Rep. Ken Miller, R-Edmond, hinted the GOP caucus could get behind more tax cuts once legislators get a better grasp of the state's revenue picture.
The state Equalization Board has certified $277 million in new revenue to be spent by the Legislature, which convenes on Feb. 5, but a large part of that money has been committed to such things as pay raises for teachers and state workers and easing prison overcrowding.
"We are committed to maintaining the level of tax relief that was part of last year's bipartisan agreement and we will stop any efforts to roll it back," Miller said.
Asked if he knew of any groups trying to roll back the tax cuts, Cargill said: "We don't know of one, but if there is, we're certainly going to stand against it."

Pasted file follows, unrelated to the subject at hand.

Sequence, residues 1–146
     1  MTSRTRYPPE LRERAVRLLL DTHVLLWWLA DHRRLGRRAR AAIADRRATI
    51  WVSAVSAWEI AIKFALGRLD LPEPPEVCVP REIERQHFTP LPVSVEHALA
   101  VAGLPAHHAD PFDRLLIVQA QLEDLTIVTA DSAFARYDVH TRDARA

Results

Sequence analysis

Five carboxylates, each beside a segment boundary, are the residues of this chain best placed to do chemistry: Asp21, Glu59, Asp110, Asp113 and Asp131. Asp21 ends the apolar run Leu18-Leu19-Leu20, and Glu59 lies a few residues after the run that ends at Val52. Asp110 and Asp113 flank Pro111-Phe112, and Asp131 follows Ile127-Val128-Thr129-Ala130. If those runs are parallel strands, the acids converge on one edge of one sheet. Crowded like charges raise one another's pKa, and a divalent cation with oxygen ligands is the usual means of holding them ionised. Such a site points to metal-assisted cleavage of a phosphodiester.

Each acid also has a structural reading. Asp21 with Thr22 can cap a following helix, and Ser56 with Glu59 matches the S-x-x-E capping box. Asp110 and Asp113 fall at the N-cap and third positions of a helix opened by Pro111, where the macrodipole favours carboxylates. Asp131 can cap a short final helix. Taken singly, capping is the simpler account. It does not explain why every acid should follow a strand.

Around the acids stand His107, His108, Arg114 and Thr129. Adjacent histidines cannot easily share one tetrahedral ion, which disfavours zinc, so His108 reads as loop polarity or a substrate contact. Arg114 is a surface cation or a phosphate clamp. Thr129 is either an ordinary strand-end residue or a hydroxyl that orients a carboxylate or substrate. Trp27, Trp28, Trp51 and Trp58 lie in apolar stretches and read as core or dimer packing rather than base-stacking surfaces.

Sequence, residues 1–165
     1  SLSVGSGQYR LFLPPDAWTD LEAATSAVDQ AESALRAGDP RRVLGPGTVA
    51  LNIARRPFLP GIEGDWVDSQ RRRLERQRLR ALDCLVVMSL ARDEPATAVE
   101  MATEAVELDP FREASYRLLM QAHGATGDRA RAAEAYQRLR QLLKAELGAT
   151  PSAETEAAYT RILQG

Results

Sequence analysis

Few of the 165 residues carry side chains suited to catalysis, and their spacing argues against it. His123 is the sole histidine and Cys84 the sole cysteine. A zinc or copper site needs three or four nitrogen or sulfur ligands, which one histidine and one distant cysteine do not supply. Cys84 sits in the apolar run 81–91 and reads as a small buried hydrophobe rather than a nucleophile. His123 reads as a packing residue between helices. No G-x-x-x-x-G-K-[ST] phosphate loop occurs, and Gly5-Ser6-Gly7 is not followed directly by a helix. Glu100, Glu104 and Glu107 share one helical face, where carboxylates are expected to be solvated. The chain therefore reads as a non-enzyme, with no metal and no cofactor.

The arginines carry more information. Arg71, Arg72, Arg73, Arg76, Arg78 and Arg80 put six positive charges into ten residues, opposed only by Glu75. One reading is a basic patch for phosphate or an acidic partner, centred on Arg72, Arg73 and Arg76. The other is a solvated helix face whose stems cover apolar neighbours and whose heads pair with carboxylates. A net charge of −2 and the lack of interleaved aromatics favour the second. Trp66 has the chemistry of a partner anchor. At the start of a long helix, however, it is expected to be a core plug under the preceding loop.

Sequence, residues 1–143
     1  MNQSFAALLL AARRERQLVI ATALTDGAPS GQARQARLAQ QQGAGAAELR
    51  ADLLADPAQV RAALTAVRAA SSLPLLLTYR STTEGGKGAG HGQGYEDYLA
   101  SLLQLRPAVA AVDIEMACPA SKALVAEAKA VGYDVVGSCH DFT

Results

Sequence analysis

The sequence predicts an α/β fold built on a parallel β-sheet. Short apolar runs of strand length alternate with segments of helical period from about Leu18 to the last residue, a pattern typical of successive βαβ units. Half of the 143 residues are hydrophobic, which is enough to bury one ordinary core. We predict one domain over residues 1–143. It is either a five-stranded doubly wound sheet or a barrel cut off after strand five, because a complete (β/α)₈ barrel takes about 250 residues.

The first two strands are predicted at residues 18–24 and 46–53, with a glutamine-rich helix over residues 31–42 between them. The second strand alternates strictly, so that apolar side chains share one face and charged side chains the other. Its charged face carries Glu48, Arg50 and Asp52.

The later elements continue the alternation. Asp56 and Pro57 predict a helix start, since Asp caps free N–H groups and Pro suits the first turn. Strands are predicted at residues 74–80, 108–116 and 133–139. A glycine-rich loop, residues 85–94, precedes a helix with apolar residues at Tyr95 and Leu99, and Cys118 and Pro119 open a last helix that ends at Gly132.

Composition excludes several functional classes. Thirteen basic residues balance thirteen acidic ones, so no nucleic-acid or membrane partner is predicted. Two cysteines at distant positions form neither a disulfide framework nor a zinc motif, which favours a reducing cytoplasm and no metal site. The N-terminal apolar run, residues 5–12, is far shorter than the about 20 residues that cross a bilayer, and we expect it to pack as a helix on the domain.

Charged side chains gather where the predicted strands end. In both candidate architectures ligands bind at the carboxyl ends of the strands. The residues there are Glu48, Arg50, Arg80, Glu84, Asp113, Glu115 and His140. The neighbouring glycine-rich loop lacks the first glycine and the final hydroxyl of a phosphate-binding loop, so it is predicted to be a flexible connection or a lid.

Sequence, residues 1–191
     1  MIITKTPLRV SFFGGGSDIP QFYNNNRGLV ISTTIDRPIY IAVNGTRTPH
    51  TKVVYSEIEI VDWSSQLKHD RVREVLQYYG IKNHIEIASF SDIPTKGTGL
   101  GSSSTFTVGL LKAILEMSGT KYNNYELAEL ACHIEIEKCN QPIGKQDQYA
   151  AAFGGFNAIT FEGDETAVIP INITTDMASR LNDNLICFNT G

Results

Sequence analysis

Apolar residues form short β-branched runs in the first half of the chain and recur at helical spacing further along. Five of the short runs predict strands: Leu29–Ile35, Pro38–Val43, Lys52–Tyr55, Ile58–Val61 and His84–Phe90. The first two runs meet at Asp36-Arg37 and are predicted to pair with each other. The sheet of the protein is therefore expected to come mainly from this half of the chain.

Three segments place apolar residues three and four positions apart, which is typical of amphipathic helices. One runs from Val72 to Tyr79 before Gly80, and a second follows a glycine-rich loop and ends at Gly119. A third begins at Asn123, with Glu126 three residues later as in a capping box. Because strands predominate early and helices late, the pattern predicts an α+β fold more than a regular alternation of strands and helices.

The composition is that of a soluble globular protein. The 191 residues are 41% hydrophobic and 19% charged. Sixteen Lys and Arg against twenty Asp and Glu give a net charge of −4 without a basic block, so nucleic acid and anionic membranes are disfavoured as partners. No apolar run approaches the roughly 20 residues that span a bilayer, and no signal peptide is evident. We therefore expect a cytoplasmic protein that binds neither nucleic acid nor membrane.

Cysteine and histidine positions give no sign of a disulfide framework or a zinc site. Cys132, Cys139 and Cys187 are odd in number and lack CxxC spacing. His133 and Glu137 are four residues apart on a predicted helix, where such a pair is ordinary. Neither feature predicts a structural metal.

The Legislature last year cut taxes by more than $600 million at a special session called by Democratic Gov. Brad Henry after lawmakers were unable to agree on taxes and budget issues during the regular session.
We'd heard very little about House Speaker Lance Cargill's 100 ideas for a new Oklahoma and assumed it was another program of pet projects that lawmakers would look at during the coming session.
Little did we know Mr. Cargill wants the ideas to come from the citizenry, not him or the state's elected leadership. What a refreshing challenge: Ask the voters and taxpayers what needs to be done to make Oklahoma a shining star in its centennial year.
Mr. Cargill, the youngest speaker in the history of the state House of Representatives, says he got the idea after reading the New York Times Magazine's annual 100 best ideas or inventions.